Mediation & Conciliation

Facilitated negotiation

The use of mediation to settle construction disputes is on the increase.

Mediation and Conciliation have been placed together as they are similar processes but have different outcomes if agreement can not be reached. However, the concept of mediation and conciliation also varies in different jurisdictions and even between industries. For example, contractual conciliation in the new Irish government contracts is different from that described below. The descriptions given below are those that are generally accepted in the UK construction industry.

Both processes are consensual although the UK courts now readily impose cost sanctions in certain circumstances on those who refuse to mediate prior to litigation proceedings, (even if you are subsequently successful with your case).

Mediation is a process where an impartial third party attempts to facilitate agreement between the parties. If agreement is reached it is recorded in writing and if necessary that agreement can be enforced in the UK courts.Whatever the size of the dispute a successful mediation will be significantly less costly and quicker than going to court.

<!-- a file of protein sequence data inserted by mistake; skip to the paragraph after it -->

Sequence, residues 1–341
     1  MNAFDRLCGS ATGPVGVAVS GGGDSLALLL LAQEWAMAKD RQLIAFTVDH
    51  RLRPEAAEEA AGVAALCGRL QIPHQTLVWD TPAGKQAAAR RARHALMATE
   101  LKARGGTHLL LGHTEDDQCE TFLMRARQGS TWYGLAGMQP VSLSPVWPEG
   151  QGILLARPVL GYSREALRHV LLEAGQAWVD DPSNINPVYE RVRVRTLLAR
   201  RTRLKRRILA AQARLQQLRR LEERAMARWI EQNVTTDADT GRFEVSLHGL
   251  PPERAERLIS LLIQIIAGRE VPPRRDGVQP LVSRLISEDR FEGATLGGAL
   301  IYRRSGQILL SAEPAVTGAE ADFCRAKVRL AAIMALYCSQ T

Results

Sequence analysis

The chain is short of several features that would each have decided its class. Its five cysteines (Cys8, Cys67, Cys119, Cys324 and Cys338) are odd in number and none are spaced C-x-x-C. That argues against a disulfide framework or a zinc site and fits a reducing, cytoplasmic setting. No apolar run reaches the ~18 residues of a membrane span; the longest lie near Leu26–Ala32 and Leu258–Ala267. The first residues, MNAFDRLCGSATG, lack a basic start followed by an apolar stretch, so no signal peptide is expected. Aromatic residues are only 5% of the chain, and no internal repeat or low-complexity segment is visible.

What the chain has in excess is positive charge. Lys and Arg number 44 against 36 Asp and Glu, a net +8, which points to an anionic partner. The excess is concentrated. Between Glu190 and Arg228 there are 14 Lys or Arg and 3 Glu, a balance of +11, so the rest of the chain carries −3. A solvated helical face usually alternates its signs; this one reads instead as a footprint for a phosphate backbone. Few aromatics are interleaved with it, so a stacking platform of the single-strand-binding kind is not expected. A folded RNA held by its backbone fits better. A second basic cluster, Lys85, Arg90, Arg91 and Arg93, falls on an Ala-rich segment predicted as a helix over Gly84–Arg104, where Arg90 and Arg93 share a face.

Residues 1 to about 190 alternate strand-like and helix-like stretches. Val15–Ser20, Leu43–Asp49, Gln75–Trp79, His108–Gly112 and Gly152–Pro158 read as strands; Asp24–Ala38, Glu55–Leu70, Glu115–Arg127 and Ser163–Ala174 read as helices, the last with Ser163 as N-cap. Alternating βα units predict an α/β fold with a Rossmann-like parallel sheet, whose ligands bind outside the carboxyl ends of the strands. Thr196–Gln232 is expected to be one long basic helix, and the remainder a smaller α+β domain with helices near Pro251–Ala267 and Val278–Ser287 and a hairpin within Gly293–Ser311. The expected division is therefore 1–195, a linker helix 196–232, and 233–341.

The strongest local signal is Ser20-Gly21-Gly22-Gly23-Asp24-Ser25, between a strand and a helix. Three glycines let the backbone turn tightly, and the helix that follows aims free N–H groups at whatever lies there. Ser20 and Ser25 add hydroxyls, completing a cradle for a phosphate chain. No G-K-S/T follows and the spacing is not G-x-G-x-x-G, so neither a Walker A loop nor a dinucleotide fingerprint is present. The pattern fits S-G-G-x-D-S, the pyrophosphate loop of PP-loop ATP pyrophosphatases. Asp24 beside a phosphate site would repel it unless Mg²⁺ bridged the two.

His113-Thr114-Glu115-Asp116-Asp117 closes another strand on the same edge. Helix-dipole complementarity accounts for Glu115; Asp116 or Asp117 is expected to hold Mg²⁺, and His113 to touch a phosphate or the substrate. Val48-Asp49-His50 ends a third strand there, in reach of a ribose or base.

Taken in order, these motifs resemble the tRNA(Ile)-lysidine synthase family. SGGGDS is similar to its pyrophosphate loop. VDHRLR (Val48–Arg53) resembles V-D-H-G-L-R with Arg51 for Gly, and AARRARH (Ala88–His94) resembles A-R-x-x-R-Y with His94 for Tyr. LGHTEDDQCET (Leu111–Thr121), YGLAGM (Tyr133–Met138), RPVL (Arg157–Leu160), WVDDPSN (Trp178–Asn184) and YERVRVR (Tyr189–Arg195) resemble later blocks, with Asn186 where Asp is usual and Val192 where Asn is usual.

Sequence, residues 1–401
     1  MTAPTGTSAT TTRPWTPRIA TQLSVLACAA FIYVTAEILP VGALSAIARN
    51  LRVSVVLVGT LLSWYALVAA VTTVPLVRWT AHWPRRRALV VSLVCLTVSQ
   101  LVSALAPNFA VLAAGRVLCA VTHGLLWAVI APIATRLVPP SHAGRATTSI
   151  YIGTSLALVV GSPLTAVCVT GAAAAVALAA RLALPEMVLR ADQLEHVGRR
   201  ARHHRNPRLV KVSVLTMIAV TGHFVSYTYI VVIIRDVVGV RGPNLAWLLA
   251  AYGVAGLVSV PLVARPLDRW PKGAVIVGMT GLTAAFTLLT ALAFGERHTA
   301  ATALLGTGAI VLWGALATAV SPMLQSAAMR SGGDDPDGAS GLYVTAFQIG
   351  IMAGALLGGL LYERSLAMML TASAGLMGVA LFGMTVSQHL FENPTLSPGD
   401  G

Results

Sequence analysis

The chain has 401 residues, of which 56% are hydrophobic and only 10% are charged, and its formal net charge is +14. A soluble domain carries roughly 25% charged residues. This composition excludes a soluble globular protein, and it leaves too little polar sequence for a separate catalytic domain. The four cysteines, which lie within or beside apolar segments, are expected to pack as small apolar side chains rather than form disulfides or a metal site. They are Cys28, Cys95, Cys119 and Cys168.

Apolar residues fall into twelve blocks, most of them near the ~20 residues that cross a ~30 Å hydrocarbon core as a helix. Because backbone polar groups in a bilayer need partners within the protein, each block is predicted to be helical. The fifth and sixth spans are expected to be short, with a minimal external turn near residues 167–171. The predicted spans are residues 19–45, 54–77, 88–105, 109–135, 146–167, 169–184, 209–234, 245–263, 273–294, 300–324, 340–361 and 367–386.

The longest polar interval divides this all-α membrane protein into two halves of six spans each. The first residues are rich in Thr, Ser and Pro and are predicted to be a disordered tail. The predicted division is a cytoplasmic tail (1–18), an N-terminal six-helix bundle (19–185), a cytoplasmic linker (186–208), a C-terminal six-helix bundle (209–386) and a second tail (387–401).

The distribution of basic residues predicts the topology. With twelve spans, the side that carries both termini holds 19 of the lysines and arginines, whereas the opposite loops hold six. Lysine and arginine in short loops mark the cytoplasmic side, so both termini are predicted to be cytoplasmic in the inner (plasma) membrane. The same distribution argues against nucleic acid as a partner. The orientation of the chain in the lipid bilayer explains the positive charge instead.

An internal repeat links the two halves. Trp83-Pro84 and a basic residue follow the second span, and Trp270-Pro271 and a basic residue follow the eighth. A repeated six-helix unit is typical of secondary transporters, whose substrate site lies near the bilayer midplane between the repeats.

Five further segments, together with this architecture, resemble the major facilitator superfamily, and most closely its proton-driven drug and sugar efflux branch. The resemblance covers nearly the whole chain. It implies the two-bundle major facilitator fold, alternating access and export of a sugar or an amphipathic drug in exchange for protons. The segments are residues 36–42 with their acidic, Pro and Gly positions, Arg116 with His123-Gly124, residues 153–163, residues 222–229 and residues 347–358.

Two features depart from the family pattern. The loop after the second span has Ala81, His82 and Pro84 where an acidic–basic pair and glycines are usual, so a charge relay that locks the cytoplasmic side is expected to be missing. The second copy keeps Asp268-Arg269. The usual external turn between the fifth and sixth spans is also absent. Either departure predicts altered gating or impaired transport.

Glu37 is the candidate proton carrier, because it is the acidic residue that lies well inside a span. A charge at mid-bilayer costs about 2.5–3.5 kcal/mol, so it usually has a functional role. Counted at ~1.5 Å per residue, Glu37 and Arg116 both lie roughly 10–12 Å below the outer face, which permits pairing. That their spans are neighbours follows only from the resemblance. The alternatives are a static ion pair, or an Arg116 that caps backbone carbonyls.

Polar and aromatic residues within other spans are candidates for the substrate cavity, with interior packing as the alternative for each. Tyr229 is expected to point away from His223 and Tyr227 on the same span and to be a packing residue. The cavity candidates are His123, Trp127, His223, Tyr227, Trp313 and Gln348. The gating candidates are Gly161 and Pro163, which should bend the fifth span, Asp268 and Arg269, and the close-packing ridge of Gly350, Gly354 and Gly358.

Even if the process fails, the materials prepared for the mediation will be of use later and therefore any abortive costs will be relatively low. Most participants agree that the process narrows the issues in dispute and therefore saves time and money in whatever process follows.

Both parties are free to walk away from the mediation at any time and proceed with other resolution methods but evidence suggests that mediation often works.

Two approaches to mediation are commonly used although other methods exist. In facilitative mediation the mediator expresses no opinion at all as to strengths and weaknesses of each parties case. The alternative is evaluative mediation. In this the mediator does give an opinion on the likely outcome in order to attempt to gain agreement. Parties are free to chose which style they wish to use. There has been a long running debate over which method is the better approach and in practice a mediator is likely to use a combination of the two styles.

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